Top of page

Article Chile: Law Permits Abortion on Three Grounds

(May 25, 2018) In September 2017, the Chilean National Congress passed a new law permitting abortion in some circumstances. (Ley 21030 que Regula la Despenalización de la Interrupción Voluntaria del Embarazo en Tres Causales [Law 21030 Regulating the Voluntary Interruption of Pregnancy on Three Grounds], DIARIO OFICIAL, Sept. 23, 2017, Library of the National Congress website.) Before the new law, abortion was illegal in all circumstances.  The Law allows the voluntary interruption of pregnancy, with the woman’s previous written consent and a physician’s diagnosis, only on the following grounds:

  • There is risk to the life of the mother.
  • The fetus is unviable.
  • The pregnancy resulted from rape and no more than 12 weeks of gestation have passed (14 weeks in the case of a girl under 14 years of age). ( art. 1.1.)

Provisions of the Law

The woman’s consent is not required when her condition does not allow her to express her will and it is impossible to obtain the consent of her legal representative, and her health condition is critical. (Id. art. 1.1, para. 2.)

If the woman has been declared judicially disabled by a judge, her legal representative’s consent is required. If she has not been declared judicially disabled, alternative means of communication are to be provided in order for her to render consent. (Id. art. 1.1, para 3.)

If the mother is a girl fourteen years or younger, in addition to her consent, the consent of her legal representative is required. In case the legal representative refuses consent or is not available, the judge may verify the grounds for the abortion and must make a decision on the petition for termination of pregnancy within forty-eight hours after the petition was filed. (Id. art. 1.1, para 4.)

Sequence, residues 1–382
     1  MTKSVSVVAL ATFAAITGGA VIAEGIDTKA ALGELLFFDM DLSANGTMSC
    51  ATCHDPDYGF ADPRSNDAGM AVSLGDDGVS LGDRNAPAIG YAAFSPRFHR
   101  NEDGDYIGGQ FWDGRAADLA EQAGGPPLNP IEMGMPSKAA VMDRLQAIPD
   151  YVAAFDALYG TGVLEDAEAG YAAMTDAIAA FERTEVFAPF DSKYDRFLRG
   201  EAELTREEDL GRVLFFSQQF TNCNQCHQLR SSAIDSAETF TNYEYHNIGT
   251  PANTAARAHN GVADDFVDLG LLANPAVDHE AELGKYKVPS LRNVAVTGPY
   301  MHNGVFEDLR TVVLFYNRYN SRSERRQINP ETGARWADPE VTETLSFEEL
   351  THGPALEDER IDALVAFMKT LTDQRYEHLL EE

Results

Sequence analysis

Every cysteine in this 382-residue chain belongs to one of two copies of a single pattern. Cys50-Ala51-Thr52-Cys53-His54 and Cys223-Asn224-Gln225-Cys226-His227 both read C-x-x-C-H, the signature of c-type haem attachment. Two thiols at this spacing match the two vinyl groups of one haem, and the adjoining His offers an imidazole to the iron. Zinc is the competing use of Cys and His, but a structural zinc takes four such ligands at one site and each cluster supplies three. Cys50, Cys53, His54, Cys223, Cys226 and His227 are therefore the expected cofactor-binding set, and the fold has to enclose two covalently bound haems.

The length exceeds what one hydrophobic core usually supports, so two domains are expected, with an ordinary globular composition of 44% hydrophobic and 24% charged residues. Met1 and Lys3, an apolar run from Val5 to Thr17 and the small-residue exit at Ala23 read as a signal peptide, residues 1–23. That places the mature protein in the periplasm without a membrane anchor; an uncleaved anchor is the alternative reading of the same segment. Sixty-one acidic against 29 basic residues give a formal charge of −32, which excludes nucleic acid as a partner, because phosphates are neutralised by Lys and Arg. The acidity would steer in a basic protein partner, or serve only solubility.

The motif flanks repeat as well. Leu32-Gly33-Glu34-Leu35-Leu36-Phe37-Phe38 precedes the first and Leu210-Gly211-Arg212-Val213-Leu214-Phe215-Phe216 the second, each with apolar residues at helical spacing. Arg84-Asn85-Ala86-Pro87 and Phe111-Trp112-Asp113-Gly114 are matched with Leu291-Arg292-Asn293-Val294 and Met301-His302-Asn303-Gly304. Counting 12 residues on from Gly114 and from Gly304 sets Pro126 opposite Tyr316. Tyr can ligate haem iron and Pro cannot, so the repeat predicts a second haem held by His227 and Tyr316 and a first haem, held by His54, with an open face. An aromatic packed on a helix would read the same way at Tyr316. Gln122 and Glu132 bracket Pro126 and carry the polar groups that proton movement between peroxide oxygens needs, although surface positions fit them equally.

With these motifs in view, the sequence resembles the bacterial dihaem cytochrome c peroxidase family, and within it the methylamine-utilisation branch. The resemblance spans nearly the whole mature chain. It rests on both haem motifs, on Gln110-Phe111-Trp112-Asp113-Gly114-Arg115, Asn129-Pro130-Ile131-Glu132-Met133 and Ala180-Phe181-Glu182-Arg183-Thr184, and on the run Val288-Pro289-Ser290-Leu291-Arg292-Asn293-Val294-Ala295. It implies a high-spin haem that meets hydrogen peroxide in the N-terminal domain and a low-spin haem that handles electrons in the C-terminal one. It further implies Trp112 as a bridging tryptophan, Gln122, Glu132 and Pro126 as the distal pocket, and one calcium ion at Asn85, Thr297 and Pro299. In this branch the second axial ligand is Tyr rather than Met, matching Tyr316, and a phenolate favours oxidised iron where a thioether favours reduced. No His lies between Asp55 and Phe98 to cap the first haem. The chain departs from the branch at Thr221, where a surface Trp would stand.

Judicial authorization is not necessary if the life or health of the girl or incapacitated woman is at risk. (Id. art.1.1, para 5.)

In the case of an abortion performed on grounds of the unviability of the fetus, two specialist physicians’ diagnoses are also required. (Id. art. 1.2, para 2.)

A woman considering an abortion on these three grounds has the right to get support before and after the procedure. Such support includes hospitality, medical and psychological assistance, and health information pertinent to the procedure. (Id. art. 1.1, para 11.)

Physicians and their assistants may abstain from performing the abortion on the grounds of conscientious objection, in which case the medical establishment must refer the patient to another physician who does not object. (Id. art. 1.3, para 1.)

A woman who causes her own abortion or consents to another person performing it outside of the three allowed grounds is subject to imprisonment of three years and one day to five years. (Id. art. 2.) If she does it to protect her honor, the sanction is imprisonment of 541 days to three years. (Id.)

Protocol on Conscientious Objection